State-of-the-Art Report on Systems Analysis Methods for Resolution of Conflicts in Water Resources Management
Water is an important factor in conflicts among stakeholders at the local, regional, and even international level. Water conflicts have taken many forms, but they almost always arise from the fact that the freshwater resources of the world are not partitioned to match the political borders, nor are they evenly distributed in space and time. The watersheds of 261 major rivers are shared by two or more countries and nearly half of the land area of the world is in international river basins. Water has been used as a military and political goal. Water has been a weapon of war. Water systems have been targets during war. The role of a systems approach is investigated in this report as a method for the resolution of conflicts over water. A review of the systems approach provides some basic knowledge of tools and techniques as they apply to water management and conflict resolution. This report provides a classification and description of water conflicts by addressing issues of scale, integrated water management, and the role of stakeholders. Four large-scale examples are selected to illustrate the application of systems approach to such conflicts:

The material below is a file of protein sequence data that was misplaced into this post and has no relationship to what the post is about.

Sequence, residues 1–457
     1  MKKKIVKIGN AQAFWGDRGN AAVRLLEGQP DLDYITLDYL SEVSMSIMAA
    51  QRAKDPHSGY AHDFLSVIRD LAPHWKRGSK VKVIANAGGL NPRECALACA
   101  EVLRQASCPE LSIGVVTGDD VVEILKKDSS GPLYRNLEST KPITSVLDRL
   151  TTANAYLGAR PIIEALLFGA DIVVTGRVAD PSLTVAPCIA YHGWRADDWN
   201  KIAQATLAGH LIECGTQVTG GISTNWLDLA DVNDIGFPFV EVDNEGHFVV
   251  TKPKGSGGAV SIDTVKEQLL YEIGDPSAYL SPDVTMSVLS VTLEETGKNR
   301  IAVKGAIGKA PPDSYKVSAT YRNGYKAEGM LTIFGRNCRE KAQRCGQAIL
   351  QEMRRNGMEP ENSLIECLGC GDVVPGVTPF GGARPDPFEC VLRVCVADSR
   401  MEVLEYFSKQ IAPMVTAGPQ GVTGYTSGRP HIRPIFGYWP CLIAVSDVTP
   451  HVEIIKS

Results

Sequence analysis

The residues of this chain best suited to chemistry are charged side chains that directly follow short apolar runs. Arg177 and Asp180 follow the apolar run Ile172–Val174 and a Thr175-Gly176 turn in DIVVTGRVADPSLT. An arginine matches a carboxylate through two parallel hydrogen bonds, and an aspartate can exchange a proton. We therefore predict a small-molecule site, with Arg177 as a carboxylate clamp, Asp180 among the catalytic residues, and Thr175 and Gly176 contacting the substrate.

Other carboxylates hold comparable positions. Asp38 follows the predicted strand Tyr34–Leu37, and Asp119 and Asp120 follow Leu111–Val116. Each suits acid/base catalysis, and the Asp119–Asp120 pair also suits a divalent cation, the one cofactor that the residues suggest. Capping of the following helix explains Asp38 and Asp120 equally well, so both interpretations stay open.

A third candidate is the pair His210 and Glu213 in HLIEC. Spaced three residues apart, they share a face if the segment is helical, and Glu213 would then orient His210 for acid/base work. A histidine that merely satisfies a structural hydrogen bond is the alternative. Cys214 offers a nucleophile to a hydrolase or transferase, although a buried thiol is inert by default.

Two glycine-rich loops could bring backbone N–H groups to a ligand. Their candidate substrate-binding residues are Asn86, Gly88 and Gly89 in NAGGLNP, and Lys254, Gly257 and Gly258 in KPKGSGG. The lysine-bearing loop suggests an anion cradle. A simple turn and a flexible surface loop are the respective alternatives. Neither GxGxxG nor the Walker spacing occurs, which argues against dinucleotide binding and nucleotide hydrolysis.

1. Hydropower development in Canada.
2. Multipurpose use of the Danube River in Europe.
3. International water conflict between the United States and Canada.
4. The Aral Sea in Asia.
The water conflict resolution process involves various sources of uncertainty. Section 5 of the report provides some examples of systems tools that can be used to address objective and subjective uncertainties with special emphasis on the utility of the fuzzy set theory. Systems analysis is driven by the development of computer technology. The final section provides one view of the future and systems tools that will be used for water resources management. The role of virtual databases and computer and communication networks is investigated in the context of water conflicts and their resolution.
- K.D.W. Nandalal and Slobodan P. Simonovic, State-of-the-Art Report on Systems Analysis Methods for Resolution of Conflicts in Water Resources Management, UNESCO-IHP, 127 p.